I graduated nearly two years ago now, so I know the struggle when it comes to searching for a graduate job. It seemed that almost all the jobs I was interested in meant relocating to London and more often than not they required you to have a substantial amount of work related experience. I mean, it’s not like I’ve just been studying for the past three years. I admit, now working within social media I’m embarrassed to say, I totally overlooked it as a tool for job searching. But when you look at the statistics it’s hard to believe we don’t think to do it sooner.
According to the Adecco Global Study 2014 for Social Recruiting, social media will increasingly become the new go to job marketplace however, the potential of its impact isn’t always clear to job seekers. In 2013 more than 50 per cent of recruitment activity involved the use of the internet which then rose to just over 60 percent in 2014. So it’s clear to see that the use of the internet is increasing in the world of recruitment but how far exactly has social media played a part in this?
Well according to Adecco 5 out of 10 job seekers use social media for their job searches. This is pretty low when you think that there are around 2.2 billion active social network users in the world and are using it in their day to day lives for socialising and keeping up to date with the news etc. This indicates to me that most users are unaware of the impact of the professional relevance of their social networks as 7 out of 10 recruiters admit to using social media to check out a candidate’s online presence before putting them forward for a role.
But when you look at the figures of people who actually use social media to look for job roles it all becomes rather impressive. Jobvite recently surveyed online job seekers and found that 76% of people found their job through Facebook. They also found that 94% of recruiters use LinkedIn to recruit but only 36% of job seekers use it. That’s not all, 92% of companies admitted to using social media for recruiting directly, and that doesn’t just include LinkedIn either. So it’s safe to say that if you’re not using social media when looking for work you are definitely missing a trick.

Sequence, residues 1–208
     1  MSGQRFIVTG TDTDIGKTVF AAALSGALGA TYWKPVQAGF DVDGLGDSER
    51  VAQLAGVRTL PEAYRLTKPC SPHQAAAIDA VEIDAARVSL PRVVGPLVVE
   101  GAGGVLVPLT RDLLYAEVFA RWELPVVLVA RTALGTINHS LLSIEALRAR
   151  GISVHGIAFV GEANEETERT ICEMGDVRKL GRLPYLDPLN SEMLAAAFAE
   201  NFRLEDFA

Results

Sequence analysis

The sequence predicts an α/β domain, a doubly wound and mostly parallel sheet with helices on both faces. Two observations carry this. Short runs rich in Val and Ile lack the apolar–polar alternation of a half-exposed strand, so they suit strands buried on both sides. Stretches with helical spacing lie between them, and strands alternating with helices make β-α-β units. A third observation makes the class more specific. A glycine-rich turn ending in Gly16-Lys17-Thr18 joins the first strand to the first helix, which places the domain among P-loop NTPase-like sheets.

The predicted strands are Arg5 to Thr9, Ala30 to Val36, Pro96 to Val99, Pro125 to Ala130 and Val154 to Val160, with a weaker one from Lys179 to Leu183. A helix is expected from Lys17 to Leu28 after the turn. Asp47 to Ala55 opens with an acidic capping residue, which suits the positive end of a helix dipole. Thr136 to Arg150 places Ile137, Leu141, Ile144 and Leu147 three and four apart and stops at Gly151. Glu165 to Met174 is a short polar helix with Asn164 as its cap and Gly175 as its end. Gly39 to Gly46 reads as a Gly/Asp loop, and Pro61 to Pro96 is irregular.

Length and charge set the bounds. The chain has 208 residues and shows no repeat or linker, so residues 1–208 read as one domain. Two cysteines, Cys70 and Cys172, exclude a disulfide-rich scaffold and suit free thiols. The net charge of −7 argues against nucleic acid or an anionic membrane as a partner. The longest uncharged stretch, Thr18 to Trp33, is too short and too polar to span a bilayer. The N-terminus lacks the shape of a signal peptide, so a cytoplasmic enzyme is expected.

So in order for you not to make the same mistake that I did, here are a few tips that I’ve picked up along my social media journey.
Get yourself on LinkedIn
I know it’s quite hard to get established on LinkedIn as a graduate when you don’t have any business connections or work experience to put on there. Try to just focus on your achievements at university for now and the rest will slowly build.
Let people know that you are job seeking
If you don’t put it out there then how are they to know you’re looking? Sharing that you are looking for work on social media can open up a lot of doors. People say that the best jobs come through who you know, not what you know.
See yourself as a product
You need to brand yourself. Like I said earlier a lot of companies and recruiters use social media to look at your online presence and try to find out what you are really like. You need to, like with a product, brand yourself. What do you think of when you hear the word Nike? I hear a highly successful company which sells the latest trends in sports wear. So try to think what would you want to them to hear when they say your name.
Network with prospective employers
There are two different routes to go down with this. Firstly is to identify the prospective employers you want to connect with and secondly is to start to start to communicate with them. You want to get across your passion for the industry and, again, brand yourself to them.
Want some personal advice how to get a job? Contact our Searchability team on
01244 567 567/ [email protected] for all our latest graduate job roles or for hints and tips from helping build your online presence to what to say at the interview.
Rachael Roberts – Digital Campaign Coordinator, Searchability